Pump Court Chambers


Blog 24th October 2017

Martin Revisited – the meaning of ‘supply’ in the context of ‘being concerned in the supply of a controlled drug

In Martin, the legal interpretation of the word ‘supply’ in the context of ‘being concerned in the supply of a controlled drug to another’ was significantly altered, changing the way that it had been understood for the previous 29 years. In Martin, Lord Thomas of Cwmgiedd CJ stated that ‘the ‘word “supply” is a broad […]

Blog 3rd October 2017

Discrimination: something arising from disability

It is no secret that there are immense pressures upon teaching staff in UK schools at present. Teacher shortages, increased workloads, and constant assessments have lead to stressful working environments across the country. These environments can affect some more than others, particularly those with disabilities. In the recent case of City of York Council v […]

Blog 26th July 2017

Employment tribunal fees unlawful

Tribunal Fees: What we suspected all along! No impact on tribunal costs, no impact on reducing unmeritorious claims, indirectly discriminatory to women and did not result in more ACAS settlements. Today is a good news day for access to justice (and for employment lawyers!) In a pivotal judgment based on the principle of access to […]

Blog 18th April 2017

Wilson v Lassman (Executor of the Estate of Wilson)[2017] EWHC 85 (Ch)

This case illustrates the need for care when approaching probate claims. Facts C sought an order, pronouncing, against his late father’s will, and revoking the grant of probate obtained by D as executor and sole beneficiary under the will. C contended that the will was not validly executed contrary to S.9 Wills Act 1837. The […]

Blog 27th March 2017

Practical tips for ex-parte non-molestation orders

On 18 January 2017, the President of the Family Division issued ‘The Practice Guidance on the Duration of Ex-Parte (Without Notice) Orders’. A few months on, this article is intended to give some practical guidance as to how to approach Non-Molestation Orders in practice. 1. The duration of the Order The guidance from the President […]

Blog 13th March 2017

Drugs and hair strand testing

Hayden j has just handed down Iago’s offer “But yet, I say, If imputation and strong circumstances Which lead directly to the door of truth Will give you satisfaction, you may haven’t.” Mr Justice Baker in Bristol City v A [2012] EWHC 2548 Fam, [2013] 2FLR 1153 considered that the science involved in hair strand […]

Blog 27th February 2017

Consultation on a new practice direction on the particpation of vulnerable witnesses and parties in family proceedings

1. On 23rd February 2017 consultation on a new PD3AA was issued. The new PD3AA is entitled: “Vulnerable Persons: Participation in Proceedings and Giving Evidence”. 2. There has also been widespread reporting in the media about the cross-examination of those alleging abuse, whether sexual, physical, financial or a combination by their alleged abusers. The two […]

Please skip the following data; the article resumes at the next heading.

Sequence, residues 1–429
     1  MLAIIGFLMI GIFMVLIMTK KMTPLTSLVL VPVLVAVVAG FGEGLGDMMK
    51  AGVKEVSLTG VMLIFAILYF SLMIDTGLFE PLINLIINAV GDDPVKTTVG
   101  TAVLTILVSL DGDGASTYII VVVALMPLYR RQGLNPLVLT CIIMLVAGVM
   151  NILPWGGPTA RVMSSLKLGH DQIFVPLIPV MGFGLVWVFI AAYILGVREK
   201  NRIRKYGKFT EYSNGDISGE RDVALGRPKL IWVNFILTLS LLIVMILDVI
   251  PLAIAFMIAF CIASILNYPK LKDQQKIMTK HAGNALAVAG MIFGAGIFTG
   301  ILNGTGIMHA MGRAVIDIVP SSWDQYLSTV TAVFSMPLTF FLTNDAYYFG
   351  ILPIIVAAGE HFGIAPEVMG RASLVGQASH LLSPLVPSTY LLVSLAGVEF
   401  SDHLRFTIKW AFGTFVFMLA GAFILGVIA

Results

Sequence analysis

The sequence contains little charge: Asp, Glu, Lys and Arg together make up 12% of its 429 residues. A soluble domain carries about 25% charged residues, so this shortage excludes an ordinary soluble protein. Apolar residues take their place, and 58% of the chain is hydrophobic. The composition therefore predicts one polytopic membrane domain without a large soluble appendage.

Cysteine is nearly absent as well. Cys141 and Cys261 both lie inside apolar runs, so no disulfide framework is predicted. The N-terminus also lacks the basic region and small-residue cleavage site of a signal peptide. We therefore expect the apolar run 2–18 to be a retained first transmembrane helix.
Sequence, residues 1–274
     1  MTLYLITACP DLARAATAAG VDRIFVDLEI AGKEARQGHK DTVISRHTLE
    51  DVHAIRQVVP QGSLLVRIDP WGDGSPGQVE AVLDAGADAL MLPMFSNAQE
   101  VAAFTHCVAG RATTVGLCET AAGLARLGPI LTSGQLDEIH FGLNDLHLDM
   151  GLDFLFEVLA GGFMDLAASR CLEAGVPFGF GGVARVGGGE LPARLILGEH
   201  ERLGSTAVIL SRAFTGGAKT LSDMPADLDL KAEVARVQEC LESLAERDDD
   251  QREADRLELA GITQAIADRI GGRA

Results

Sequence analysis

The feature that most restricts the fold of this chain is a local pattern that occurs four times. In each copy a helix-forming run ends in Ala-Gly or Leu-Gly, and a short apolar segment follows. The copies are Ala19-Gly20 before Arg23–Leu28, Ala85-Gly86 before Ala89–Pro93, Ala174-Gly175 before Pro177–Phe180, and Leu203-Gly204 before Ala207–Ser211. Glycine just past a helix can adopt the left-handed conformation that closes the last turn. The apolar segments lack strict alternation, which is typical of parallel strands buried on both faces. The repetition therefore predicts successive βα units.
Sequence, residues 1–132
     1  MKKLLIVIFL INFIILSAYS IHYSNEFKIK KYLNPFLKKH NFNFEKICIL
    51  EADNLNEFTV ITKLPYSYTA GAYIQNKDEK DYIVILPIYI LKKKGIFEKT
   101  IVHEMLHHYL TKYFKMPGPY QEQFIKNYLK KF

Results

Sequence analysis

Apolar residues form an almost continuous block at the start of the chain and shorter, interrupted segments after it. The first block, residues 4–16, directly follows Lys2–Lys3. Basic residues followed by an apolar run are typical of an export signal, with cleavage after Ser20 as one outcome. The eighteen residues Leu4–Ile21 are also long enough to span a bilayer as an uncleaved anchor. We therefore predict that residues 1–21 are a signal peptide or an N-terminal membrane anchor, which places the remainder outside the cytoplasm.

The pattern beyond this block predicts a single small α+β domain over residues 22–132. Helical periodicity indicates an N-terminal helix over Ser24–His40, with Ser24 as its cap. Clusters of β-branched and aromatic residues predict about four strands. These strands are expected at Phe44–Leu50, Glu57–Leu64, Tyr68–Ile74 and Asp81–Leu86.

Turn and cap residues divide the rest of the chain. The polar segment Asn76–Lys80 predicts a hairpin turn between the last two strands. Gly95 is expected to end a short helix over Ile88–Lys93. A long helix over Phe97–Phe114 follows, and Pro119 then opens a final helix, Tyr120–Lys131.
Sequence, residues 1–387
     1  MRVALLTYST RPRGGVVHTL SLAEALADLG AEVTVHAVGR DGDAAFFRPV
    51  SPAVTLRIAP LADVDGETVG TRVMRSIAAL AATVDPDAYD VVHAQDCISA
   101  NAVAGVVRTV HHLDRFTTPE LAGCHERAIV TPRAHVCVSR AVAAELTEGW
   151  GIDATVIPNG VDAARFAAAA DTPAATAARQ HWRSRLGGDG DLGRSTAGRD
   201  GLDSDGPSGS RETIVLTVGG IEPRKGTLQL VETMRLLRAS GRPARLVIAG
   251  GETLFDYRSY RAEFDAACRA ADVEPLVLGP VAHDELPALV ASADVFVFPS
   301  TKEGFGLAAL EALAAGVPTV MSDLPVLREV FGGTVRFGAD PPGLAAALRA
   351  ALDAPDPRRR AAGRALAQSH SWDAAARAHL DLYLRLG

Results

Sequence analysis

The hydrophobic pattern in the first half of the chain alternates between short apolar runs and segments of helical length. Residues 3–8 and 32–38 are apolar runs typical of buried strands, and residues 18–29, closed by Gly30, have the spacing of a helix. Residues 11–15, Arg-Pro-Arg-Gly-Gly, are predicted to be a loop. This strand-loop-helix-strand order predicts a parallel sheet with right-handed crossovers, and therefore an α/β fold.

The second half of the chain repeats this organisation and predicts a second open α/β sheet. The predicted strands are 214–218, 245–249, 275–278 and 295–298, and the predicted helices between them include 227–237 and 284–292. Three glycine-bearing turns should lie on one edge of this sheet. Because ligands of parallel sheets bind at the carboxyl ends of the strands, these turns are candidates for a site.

Blog 1st February 2017

Marital agreements: individual autonomy and fairness

There have been many significant developments in this area of the law in recent years, with a number of reported decisions dealing with marital agreements having been reported over the last year. I have had my fair share of cases involving marital agreements, most recently concerning a separation agreement which the parties had entered into […]

Blog 29th July 2016

Heather Platt reviews restrictive covenants for LexisNexis

Heather Platt’s article for LexisNexis considers the enforceability of restrictive covenants in the agricultural industry. This article was first published on LexisPSL Employment on 28 June 2016. Enforceability of post-termination restrictive covenants within the agricultural industry 28/06/2016 Employment analysis: The recent case of Pickwell v Pro Cam considered the enforceability of post-termination of employment restrictive […]

Blog 6th June 2016

The Notional Digital Family Court: Lessons from our Criminal Counterparts

One of the interesting aspects of having a mixed common law practice is the opportunity to observe the differing ways in which the criminal, family, and civil courts deal with the more practical aspect of court life. Over the past few months the Crown Court has ‘gone digital’ with the long awaited, and much discussed, […]

Blog 20th April 2016

When wrongful isn’t necessarily unfair

Unfair dismissal claims? We’ve all done a million of them. Maybe not that many but I am simply applying the same exaggeration that goes onto most Claimant’s schedules of loss. The Claimant wants to go into the nuts and bolts of the claim and to prove that he or she has not acted in a […]

Blog 12th April 2016

Rehabilitation and the delay principle

On 23rd March 2016 the judgment of the Court of Appeal in Re FM (A Child) [2016] EWCA Civ 189 was published. This was an appeal from a decision of HHJ Bond sitting in the Bournemouth Family Court in November 2015. The decision appealed against was the decision to make a special guardianship order to […]

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